There’s plenty of cuteness in Sky Captain to endear it to viewers. I was almost, almost there. Like the pulps and serials of the interbellum period, I think I would have enjoyed Sky Captain best as a child.
A snowy, gray night in Manhattan. A bulbous airship, the Hindenburg III, completes its maiden voyage toward the towering spire of the Empire State Building. Ropes drop from the ship, and the passengers (presumably, it’s not shown) deblimp on the observation deck.
Galant stuff like this happens all the time in Sky Captain. Sky Captain’s base is an island in a lake in the Catskills. The only overland entry to this base is across a towering iron bridge.
Joe and Polly visit the Himalaya and enter Shangri-La, a green escape that resembles Rivendell hidden amongst craggy, icy peaks. Totenkopf’s island’s exterior is a jungled swamp stocked with dinosaurs and dragons.
Like it’s characters and props, Sky Captain‘s locales and sets are romanticized versions of a not-quite-real past. These settings were essential to the successes of pulp fictions in the pre-Superman days.
Totenkopf, the driver of a huge mass of technology and artificial intelligence, dies in 1918. Twenty years on, his creations don’t know how to stop. So they don’t.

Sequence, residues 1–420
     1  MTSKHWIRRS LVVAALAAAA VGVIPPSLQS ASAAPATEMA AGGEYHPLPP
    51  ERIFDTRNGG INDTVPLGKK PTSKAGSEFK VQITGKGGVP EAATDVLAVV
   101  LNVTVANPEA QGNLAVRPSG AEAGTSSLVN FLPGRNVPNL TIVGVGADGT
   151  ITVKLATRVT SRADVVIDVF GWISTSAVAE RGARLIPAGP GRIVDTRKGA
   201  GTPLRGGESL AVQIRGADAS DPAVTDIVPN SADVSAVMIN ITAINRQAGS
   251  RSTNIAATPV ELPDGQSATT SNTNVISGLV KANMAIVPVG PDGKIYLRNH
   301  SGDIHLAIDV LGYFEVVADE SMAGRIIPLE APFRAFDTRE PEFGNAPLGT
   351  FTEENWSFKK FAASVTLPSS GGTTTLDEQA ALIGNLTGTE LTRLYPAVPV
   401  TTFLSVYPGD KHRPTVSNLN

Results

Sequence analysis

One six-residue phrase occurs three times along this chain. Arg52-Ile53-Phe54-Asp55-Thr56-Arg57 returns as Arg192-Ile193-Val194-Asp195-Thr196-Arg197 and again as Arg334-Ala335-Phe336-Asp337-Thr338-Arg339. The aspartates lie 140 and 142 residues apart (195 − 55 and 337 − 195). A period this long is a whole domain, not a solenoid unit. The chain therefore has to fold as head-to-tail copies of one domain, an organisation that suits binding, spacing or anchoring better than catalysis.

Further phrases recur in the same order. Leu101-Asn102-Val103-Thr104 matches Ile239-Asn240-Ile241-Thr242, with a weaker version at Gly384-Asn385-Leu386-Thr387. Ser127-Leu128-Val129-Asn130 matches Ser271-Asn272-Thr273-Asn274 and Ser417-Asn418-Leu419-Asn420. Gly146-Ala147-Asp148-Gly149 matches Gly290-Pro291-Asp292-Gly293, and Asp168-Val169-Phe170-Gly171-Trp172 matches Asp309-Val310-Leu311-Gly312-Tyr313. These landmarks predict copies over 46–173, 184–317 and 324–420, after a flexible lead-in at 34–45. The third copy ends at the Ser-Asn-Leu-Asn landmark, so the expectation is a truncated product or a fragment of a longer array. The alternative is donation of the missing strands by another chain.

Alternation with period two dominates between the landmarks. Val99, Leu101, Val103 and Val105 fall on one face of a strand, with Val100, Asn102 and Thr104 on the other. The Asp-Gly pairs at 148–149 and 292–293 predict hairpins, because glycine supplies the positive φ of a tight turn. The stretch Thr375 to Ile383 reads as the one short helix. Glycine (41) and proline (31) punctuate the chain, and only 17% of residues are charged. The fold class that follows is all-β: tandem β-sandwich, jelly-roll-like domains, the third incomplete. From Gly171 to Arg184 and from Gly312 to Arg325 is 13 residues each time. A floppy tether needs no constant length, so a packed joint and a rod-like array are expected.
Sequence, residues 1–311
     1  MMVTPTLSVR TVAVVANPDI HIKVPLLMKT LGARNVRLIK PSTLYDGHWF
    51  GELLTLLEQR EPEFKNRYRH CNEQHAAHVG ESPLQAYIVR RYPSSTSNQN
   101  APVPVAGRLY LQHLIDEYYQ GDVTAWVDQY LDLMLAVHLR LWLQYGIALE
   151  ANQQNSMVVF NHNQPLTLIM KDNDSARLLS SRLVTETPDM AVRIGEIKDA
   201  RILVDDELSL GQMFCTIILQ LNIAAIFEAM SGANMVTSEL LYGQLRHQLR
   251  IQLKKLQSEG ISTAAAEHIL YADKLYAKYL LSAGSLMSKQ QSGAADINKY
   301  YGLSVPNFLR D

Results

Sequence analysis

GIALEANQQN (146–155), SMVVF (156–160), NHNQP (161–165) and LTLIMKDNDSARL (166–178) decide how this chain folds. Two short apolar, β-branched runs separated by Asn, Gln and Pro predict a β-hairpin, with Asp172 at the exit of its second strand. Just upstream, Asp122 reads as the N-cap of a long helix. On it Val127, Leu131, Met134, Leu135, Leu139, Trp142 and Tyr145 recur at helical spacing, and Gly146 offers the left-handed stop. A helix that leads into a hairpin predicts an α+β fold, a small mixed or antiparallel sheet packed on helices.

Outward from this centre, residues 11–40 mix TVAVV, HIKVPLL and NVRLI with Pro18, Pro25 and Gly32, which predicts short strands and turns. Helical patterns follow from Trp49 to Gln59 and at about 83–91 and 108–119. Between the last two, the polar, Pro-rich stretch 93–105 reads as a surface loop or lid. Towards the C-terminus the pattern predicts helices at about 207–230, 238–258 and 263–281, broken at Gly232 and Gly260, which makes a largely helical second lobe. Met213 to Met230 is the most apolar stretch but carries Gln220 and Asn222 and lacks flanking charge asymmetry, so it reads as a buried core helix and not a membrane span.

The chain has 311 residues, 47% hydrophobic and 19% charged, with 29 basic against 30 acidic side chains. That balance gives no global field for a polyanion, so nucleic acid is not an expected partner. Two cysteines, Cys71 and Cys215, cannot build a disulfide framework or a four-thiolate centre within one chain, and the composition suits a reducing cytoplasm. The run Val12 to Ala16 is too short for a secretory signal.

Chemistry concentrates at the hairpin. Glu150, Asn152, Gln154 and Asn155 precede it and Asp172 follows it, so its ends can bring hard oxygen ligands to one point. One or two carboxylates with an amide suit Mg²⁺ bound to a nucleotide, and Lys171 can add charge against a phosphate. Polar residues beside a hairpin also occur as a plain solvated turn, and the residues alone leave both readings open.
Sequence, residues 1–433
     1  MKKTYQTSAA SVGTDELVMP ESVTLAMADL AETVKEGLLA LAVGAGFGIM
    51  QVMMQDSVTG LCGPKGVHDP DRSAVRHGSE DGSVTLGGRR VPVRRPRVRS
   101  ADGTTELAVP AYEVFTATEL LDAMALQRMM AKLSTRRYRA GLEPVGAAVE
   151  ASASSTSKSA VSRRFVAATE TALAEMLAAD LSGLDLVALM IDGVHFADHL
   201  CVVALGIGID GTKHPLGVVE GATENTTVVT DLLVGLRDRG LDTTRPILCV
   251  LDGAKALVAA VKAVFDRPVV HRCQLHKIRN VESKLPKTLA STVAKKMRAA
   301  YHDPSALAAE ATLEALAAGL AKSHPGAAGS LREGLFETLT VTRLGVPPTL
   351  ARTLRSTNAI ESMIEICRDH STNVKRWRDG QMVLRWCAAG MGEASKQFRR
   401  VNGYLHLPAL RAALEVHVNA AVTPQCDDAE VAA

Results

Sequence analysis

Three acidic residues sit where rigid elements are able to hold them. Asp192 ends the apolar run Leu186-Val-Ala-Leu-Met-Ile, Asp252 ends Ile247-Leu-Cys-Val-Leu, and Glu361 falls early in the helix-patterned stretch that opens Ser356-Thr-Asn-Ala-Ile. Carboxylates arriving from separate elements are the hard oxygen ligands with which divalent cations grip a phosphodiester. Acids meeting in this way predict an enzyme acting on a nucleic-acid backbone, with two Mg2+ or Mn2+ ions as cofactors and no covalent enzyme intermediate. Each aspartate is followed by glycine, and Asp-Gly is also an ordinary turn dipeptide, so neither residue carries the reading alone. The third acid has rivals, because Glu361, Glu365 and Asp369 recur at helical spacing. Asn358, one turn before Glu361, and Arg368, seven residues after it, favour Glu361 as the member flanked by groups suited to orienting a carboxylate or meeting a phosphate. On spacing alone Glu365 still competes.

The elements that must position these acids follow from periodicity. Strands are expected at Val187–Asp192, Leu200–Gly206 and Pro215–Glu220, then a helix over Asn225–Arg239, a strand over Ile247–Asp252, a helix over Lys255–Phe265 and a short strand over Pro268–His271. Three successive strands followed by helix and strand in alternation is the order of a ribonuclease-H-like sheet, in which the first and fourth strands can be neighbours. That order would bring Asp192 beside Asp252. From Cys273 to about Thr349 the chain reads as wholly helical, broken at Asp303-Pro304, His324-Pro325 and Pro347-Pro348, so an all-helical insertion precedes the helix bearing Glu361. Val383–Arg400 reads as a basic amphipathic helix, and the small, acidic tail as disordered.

As Sky Captain and Polly are on the rocket trying to disable it, a proto-hologram of Totenkopf turns on. (That’s a nice touch, but no one is supposed to be on the ship.) The image quotes The Bible?***, a passage that Joe interprets as Totenkopf thinking himself God.
I loved the message here. Totenkopf considered himself God and meant to create a new world. That world overwhelmed him and he died begging forgiveness. Then his creation went and tried to destroy the world anyway.
Sounds much like the story of Noah. Actual God created the sky and sea, land, and animals, saw it was a nasty mess right up to Noah’s time, and wiped out everything but Noah’s family and two of each creature.
Totenkopf God set out to destroy humankind, thought better of it, couldn’t undo what he did. God could not undo what he did either, so He wiped out everyone. Totenkopf couldn’t bring himself to do the same, but what he set in motion nearly did.
Other than Polly being a klutz as well as New York’s best reporter, she was treated fairly. Sky Captain‘s world is, of course, a whitewashed one. Conran had a chance to reinvent the pulp genre and failed.
- Those menacing drones loading the animals had logos emblazoned on their fronts that looked suspiciously like Mickey Mouse ears.
Summary (33/68): 49%
I wish I had seen Sky Captain and the World of Tomorrow as a child. I would have loved it. Dashing derring-do and other outdated adjectives seemed the rage in the early third of the 20th century, and Sky Captain was a beautiful homage to it.
The visuals and onscreen technologies fit the mold of retrofantasy. I wish the actors had more physical stuff to work with, because some actors (cough-Paltrow-cough) struggled to communicate emotional urgency.
Take a drink and fall into the world of Sky Captain. It’s no Indiana Jones, but you won’t leave bored.